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This afternoon I brought the young guy who was meant to spend the year with us back to the air port for deportation. His paperwork wasn’t in order, and he wasn’t allowed to stay. We’d been planning on his arrival since June, had been working on preparing his room  for weeks. I made seventy five meatballs on Sunday, along with a very decent batch of ratatouille, in anticipation of another mouth to feed. We bought a futon, moved around half the furniture, many of the books, a good chunk of the toys, instruments, games, art materials, dress up clothes, and other paraphernalia in the house, adjusted our expectations to include Eduardo in our lives for the year.

He was here less than four full days and now he’s gone. Makes me sad on lots and lots of levels. I feel tired and down. I also wonder what all that rearranging will lead to, what will happen to the space we created for him, in our house and in our hearts. We talked about that at dinner, just me and the kids, after three nights of Eduardo. It felt private, quiet, and also a bit expansive. When you lose something, or someone suddenly, the vacancy can catch you off guard. It feels a lot like grief, even though we barely knew the boy. Funny how a person becomes a movie you play in your mind, how their future becomes entwined with yours, how ripping that story apart, even when it was mostly imagined, feels bad.

The boy is flying all night long. His flight left at 6 something pm, is meant to land in Spain just after midnight our time, 6:30 am their time. Four hours after that, he’ll be back home, take a small rest, then come up with a new plan for this year of his life, as will we.

This afternoon at 3:50, our exchange student will arrive from Spain at Logan Airport. Until his mother called yesterday I did not feel sure he would arrive. It’s an informal exchange we’ve arranged ourselves, following an e-mail posting by an SVS staff member to the Assembly list wondering if anyone in the school had room for him to stay this year. We did, or so I thought at the time. The kids were curious, interested. We met. The kid and his mother made us happy right away, so we said yes. Now, here he comes.

Friday night was our first Charter School Founders Group Meeting since we were invited to apply for the final round. So that is on my mind, and e-mails are circulating amongst the members of the group, getting various projects and initiatives off the ground. I’m back to waking up too early, thinking about school, about the business of the day, the larger picture things, computer is back upstairs late night and early morning, as much of the research and work is online.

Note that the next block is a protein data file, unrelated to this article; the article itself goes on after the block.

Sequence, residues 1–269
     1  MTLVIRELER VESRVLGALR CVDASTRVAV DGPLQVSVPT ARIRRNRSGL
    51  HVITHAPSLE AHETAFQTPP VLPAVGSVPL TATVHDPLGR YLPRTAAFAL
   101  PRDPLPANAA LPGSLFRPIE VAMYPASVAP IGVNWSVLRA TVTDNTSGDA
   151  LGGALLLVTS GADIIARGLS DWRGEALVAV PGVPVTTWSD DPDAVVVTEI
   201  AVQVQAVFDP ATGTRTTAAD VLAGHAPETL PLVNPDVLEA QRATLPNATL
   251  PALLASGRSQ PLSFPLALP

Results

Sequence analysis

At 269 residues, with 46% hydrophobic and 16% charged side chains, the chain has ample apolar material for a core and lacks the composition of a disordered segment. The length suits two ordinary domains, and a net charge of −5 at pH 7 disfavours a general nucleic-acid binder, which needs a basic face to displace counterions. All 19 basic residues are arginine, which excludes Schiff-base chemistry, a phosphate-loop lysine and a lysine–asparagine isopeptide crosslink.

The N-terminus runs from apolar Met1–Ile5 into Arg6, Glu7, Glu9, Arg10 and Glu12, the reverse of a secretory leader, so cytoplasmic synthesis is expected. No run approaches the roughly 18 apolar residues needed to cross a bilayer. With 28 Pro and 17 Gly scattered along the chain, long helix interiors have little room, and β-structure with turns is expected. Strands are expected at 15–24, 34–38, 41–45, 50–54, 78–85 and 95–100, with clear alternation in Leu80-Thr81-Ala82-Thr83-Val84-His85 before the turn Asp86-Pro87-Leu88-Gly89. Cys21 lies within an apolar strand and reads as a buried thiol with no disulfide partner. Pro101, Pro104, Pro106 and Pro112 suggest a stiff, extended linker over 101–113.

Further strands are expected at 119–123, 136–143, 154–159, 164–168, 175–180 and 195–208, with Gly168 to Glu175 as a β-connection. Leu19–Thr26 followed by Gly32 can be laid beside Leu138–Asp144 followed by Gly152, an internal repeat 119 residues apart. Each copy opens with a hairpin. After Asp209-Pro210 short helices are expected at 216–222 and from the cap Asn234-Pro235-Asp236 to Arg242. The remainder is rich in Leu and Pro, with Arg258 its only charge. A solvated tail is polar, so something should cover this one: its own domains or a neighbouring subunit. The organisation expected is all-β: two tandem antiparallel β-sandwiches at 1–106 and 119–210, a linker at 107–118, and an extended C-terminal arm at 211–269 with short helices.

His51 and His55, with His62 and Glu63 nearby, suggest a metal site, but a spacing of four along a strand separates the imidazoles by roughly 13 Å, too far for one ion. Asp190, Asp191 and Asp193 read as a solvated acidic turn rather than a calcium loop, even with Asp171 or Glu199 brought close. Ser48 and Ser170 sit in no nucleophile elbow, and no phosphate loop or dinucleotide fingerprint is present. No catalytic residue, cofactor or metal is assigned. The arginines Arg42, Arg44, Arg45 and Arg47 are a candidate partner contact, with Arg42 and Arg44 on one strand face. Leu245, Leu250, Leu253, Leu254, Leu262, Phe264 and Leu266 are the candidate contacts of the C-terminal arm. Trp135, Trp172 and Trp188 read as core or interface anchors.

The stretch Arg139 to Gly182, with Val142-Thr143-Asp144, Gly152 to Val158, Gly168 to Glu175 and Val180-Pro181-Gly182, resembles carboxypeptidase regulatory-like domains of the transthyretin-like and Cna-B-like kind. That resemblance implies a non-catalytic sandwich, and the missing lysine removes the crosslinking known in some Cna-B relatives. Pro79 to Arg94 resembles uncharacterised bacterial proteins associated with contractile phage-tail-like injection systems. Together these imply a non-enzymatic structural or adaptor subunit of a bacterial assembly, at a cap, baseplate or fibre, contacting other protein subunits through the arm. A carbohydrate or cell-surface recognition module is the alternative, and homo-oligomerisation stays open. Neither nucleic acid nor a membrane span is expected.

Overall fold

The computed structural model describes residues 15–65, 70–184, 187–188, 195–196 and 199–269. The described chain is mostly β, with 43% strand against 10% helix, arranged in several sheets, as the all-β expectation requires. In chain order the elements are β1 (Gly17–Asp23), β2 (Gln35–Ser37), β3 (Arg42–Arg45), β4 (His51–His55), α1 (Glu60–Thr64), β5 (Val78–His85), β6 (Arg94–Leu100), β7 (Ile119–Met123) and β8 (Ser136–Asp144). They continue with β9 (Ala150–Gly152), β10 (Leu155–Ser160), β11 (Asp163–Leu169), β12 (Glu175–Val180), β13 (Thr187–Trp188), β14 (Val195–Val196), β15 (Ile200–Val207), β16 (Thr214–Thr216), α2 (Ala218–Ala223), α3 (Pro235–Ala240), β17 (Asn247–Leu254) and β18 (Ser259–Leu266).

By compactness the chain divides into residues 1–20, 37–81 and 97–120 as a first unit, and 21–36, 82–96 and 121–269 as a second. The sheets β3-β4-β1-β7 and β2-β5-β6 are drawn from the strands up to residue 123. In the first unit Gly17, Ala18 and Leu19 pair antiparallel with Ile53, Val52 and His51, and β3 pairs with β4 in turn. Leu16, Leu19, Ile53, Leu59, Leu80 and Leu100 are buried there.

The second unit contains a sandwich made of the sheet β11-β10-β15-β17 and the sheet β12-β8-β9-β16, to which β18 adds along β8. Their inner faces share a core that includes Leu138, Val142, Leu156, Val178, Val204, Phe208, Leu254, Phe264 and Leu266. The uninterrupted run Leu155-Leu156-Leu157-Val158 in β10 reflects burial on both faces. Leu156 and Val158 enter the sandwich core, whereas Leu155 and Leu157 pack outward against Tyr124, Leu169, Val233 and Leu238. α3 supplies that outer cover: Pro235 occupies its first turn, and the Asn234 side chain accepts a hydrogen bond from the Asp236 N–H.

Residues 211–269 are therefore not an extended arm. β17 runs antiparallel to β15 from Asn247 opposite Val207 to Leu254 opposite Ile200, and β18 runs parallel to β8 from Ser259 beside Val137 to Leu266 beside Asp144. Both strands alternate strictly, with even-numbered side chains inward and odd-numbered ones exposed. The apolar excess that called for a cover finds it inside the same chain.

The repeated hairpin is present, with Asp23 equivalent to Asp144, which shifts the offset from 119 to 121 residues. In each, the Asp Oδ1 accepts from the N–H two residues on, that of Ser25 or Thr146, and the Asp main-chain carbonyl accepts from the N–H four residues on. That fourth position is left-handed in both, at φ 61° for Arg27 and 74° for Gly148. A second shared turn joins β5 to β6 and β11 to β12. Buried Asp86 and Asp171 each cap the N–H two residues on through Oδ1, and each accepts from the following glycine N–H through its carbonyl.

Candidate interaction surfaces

My friend borrowed our van for a day of workshops in Albany yesterday, with some connection to the Free School. Her car isn’t working, mine is, I thought it best to share, which she appreciated very much, more evidence that people need adventure, friends, and are motivated to learn. She sent photos from the road and from the workshop via facebook, alternative education types seem as comfortable with bee hives as with iphones, which is nice to know.

In the process of preparing for our new housemate, I feel like we’ve moved every single thing in the house, which of course, we haven’t, but it’s sure been a lot of work and stuff. In the room where he is going to sleep, there was lots and lots of stuff. This room has been all kinds of things in the years twenty years this month we’ve owned this house. First it was the master bedroom. Then it was a master bedroom full of cribs for my family day care. Then it was a guest room for awhile. Then a room where friends and housemates lived. Then it became what we called the upstairs project room. (The day care has a project room downstairs.) Eventually, it became full of toys, games, books, dress-up clothes, blocks, legos, playmobil, art supplies, warhammer models and paints, instruments. You name an interest my kids have had in the last ten or fifteen years, and that room held the goods. The guests were increasingly surrounded, and recently, left out, by all the stuff.

So, to prepare for Eduardo, we spent one weekend removing the books from a tall book shelf which was going to my daughter’s room. This resulted in me and my daughter sorting books in piles and on shelves in three or four rooms of the house, giving some away, putting others aside for the school, sending some to the day care and her room, others to bags with the intention to find them a home real soon.

Another weekend, we sorted through board games, this time enlisting the opinion of all the kids, shuffling them off the shelves which are now bare and above the bed, onto shelves in the living room, or into bags to give away or for the school.

This week it was couch moving time. My friend James and I dragged the futon frame up from the basement, damp with mold, in this wet and muggy season, bought a new futon from the shop, along with a water and bed bug proof cover, and while I made a modest dinner, he put the frame together. The following night my kids were home and we got going moving furniture, first night every single thing in my overlarge bedroom, minus one bookshelf, second night dragging the sectional couch from what would be Eduardo’s room up the stairs to my bedroom. The girl was my partner night one, the boy and girl night two. We took off a door, a handrail, the legs of the couch, and scraped off a minimum of wood and paint from doorways and passages through the house. When I saw a little girl at the park the following day with a Wonder Woman t-shirt, I wanted one.